- Stealing class assignments or files and submitting them as one's own
- Not giving sufficient credit to all participants in a group project
- Representing as one's own in whole or in part the argument, language, creations, conclusions, or scientific data or another without explicit acknowledgment
How WWU Handles Academic Misconduct
WWU emphasizes academic dishonesty education on the part of its instructors in an effort to take a proactive stance on cheating and plagiarism. However, the conduct process is still in place for instructors who suspect their students may have committed academic misconduct.
Discussion with the Instructor
As soon as a professor suspects academic misconduct from a student, they have ten working days to arrange a meeting with that student to discuss the potential infraction. If the instructor is unable to meet with the student before final grades are due, the student receives an “X” grade until the two can arrange a meeting. If the student doesn't contact the instructor to have the “X” grade changed within ten working days, the grade becomes an “F.”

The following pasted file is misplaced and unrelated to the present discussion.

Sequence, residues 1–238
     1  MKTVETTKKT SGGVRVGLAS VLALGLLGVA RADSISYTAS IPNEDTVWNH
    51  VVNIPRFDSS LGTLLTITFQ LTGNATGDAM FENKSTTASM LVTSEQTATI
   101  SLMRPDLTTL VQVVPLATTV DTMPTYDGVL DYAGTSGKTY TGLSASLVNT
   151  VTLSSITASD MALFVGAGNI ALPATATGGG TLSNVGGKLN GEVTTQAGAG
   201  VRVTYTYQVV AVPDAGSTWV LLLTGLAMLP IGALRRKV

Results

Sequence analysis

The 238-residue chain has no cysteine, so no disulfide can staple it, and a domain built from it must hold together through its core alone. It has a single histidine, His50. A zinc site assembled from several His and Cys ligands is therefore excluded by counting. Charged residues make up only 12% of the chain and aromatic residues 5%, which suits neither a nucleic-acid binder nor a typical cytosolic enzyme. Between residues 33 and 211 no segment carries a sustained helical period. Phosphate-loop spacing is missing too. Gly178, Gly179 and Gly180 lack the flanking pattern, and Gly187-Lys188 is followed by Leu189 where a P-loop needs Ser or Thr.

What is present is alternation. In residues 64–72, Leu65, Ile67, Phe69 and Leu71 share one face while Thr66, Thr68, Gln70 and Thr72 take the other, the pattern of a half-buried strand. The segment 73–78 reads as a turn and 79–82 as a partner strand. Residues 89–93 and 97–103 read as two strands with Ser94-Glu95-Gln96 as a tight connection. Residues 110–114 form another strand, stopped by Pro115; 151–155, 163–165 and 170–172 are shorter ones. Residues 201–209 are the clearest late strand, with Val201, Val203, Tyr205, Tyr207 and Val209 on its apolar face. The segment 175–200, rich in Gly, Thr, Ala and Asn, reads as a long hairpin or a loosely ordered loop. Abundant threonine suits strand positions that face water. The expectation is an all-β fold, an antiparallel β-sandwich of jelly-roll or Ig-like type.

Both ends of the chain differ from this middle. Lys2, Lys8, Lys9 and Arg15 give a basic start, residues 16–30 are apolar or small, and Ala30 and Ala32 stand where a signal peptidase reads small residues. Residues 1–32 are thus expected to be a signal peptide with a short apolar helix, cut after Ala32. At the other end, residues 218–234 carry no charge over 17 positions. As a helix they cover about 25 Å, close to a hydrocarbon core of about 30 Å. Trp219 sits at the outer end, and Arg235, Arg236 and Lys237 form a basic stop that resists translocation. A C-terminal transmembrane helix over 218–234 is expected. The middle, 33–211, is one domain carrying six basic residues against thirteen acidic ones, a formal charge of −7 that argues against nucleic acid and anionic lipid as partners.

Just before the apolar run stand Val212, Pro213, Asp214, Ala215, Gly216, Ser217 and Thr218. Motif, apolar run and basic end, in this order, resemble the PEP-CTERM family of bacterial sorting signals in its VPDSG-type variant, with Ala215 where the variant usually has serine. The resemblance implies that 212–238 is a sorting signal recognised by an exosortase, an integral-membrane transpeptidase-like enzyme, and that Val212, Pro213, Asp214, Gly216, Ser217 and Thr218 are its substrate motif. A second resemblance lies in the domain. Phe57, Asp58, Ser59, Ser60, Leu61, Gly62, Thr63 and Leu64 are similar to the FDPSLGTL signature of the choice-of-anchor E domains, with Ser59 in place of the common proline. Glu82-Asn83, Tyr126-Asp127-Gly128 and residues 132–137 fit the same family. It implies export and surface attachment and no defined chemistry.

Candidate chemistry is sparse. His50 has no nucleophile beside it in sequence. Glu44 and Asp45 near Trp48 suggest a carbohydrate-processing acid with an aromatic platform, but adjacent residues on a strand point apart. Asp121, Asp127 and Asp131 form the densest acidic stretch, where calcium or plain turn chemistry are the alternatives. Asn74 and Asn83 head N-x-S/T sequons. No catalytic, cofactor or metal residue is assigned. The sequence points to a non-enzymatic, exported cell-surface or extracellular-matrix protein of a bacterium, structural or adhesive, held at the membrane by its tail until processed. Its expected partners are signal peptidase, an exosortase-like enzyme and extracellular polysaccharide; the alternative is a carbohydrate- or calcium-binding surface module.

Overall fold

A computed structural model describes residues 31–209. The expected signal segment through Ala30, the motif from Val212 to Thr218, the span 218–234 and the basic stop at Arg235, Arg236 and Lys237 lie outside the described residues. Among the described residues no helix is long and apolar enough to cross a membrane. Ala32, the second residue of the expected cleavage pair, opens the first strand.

The student has a chance to explain themselves at the meeting with the instructor to demonstrate why they have not committed academic dishonesty. Following the meeting, the instructor has ten working days to decide whether the student is responsible for academic misconduct or not.
If the instructor believes the student is responsible for academic misconduct, they will report it to the Vice President for Academic Affairs, the Registrar, the university judicial officer, and the dean's office. The reported violation stays on the student's record unless the student appeals.
Academic Honesty Board
If a student is found responsible for academic misconduct by an instructor and it's the first offense, the student must complete a workshop about academic integrity. If it's the second offense, the student must go before an academic honesty board with a recommendation that the student should be permanently dismissed from the university.
The academic honesty board is also in place to hear appeals from either students or faculty members following the dean's decision about academic dishonesty(see the below section about appeals).